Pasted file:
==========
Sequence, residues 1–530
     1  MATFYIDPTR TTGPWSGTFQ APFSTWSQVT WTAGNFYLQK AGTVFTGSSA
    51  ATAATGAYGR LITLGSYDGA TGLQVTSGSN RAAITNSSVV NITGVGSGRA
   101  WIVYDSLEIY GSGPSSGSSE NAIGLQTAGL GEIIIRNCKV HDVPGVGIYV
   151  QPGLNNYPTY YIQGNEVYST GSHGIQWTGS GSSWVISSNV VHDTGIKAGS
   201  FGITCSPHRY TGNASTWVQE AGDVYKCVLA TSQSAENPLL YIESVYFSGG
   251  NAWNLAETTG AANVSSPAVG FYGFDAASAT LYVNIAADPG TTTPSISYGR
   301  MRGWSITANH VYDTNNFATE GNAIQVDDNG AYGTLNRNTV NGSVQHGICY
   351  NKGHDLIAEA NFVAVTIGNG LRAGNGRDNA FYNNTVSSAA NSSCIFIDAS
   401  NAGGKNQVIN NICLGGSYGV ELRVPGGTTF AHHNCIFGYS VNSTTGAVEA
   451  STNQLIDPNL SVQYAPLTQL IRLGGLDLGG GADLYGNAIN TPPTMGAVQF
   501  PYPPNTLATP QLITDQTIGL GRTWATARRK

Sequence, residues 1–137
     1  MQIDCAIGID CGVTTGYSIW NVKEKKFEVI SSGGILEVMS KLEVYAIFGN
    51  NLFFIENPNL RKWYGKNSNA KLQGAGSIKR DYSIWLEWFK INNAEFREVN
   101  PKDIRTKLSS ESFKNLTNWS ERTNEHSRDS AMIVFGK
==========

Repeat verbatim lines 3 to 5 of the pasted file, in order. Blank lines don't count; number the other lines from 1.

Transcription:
    51  ATAATGAYGR LITLGSYDGA TGLQVTSGSN RAAITNSSVV NITGVGSGRA
   101  WIVYDSLEIY GSGPSSGSSE NAIGLQTAGL GEIIIRNCKV HDVPGVGIYV
   151  QPGLNNYPTY YIQGNEVYST GSHGIQWTGS GSSWVISSNV VHDTGIKAGS